Merry Go Round Museum
Route 6 signs are easy to follow, however, and will lead you to a great rainy-day destination, the marvelous Merry Go Round Museum, where you can ogle the carved horses (and other creatures), take a ride on a fast, indoor carousel, listen to a thunderous Wurlitzer organ, and watch master wood carvers at work.
Hundreds of thousands have visited this museum since it opened in 1990 in Sandusky’s landmark 1927 Post Office. The carousel fits perfectly inside the rotunda.
Try Out Island Life Or Just Take a Lake Excursion From Sandusky Docks
In addition to coal docks and freighters you’ll see a myriad of island ferries at the water’s edge. Sandusky is a key port for Canadian visitors (both the Maple Leaf and US Flag fly here). Also, ferries run out to “the islands,” Put In Bay, and Kelley’s Island, multiple times a day in season.
Each island has its own identity; Kelley’s is for slower-paced nature lovers, Put-In Bay is a bit more commercialized. If you’ve got a few extra days to eek out a beach vacation before heading west into the landlocked interior of the US, you should consider exploring one or both islands.
Eat Great Lakes Fish at New Sandusky Fish Co.
The Lake Erie Shore is to perch and walleye what Maine is to lobster, so act like a local and stand on line for a piece of excellent fried fish at The New Sandusky Fish Co., rated best fish shack by a slew of publications. Then, sit on a lakeside park bench and savor the meal and view.
Before leaving Sandusky entirely, any self-respecting ice-cream aficionado must join the legions of fans at Toft’s Dairy, a working dairy that convivially serves up 51 ice-cream flavors. A local icon and community meeting place, right on Ohio Route 6, Toft’s churns out some of the best ice cream ever licked off a cone.
Go Fishing All Year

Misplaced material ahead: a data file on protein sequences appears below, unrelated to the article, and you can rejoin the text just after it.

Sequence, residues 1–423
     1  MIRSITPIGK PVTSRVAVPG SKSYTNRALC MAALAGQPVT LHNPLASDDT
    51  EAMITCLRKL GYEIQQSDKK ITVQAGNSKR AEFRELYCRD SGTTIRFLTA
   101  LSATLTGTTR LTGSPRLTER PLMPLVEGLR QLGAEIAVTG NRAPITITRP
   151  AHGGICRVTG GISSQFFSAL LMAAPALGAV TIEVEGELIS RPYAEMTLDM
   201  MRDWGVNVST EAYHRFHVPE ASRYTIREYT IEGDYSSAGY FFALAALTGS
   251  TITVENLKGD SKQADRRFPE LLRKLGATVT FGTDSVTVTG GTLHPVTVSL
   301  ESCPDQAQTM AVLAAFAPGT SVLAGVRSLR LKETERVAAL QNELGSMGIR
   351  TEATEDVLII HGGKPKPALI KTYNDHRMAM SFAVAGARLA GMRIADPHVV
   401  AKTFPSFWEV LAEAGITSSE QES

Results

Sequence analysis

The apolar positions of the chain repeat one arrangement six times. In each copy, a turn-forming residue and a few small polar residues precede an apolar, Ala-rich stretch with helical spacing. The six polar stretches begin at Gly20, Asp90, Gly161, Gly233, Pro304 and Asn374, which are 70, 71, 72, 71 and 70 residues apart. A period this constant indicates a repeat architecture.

Four miles west of Sandusky, fishermen (and fisherwomen) flock to the public and incredibly picturesque Cold Creek Trout Camp, where a freshwater fish-stocked creek flows from a subterranean “Blue Hole” with a steady temperature of 48 degrees. No need for ice-saws – the creek never freezes in winter.
From OH Lakefront to Farmland on Ohio Route 6
Leaving the Lake Erie shoreline on Lima-Sandusky Rd., the land flattens considerably and is nearly 100% farmland. Sagging barns, hulking grain elevators, copses of trees and proud farms sporting family names and inception dates break up the monotony.
Swoon Over Big Working Rigs at The National Construction Equipment Museum, Bowling Green
It’s 50 miles to the outskirts of the college town of Bowling Green. Though Route 6 bypasses the heart of the city, there’s one quirky museum that might coax a certain mobile-machine-loving type: The National Construction Equipment Museum. (From Route 6 – hang a right onto Liberty Hi Rd. and go about 1-½ miles. You’ll see it on your left.
This massive warehouse contains around 90 meticulously restored and rugged construction, surface, mining and dredging equipment, from 1800’s horse-drawn contraptions, to massive cranes, and fire engines. Big Bertha – a “Crawler Crane” – was salvaged from a Sandusky marina.
There’s an electric version of Mike Mulligan’s Steam Shovel – a Marion Model 21. You’ll also find of the first automated fire-engines: an old Studebaker Automatic Sprinkler Wagon. Thanks to a passionate group of volunteers, all machinery is in working condition. It’s a bare-bones museum, but what a find! Open weekdays 1-5, $7 includes tour. (Contact ahead of time to confirm it’s open).
Discover the rest of US Route 6, from Massachusetts to California on this US Route 6 Getaway Mavens post.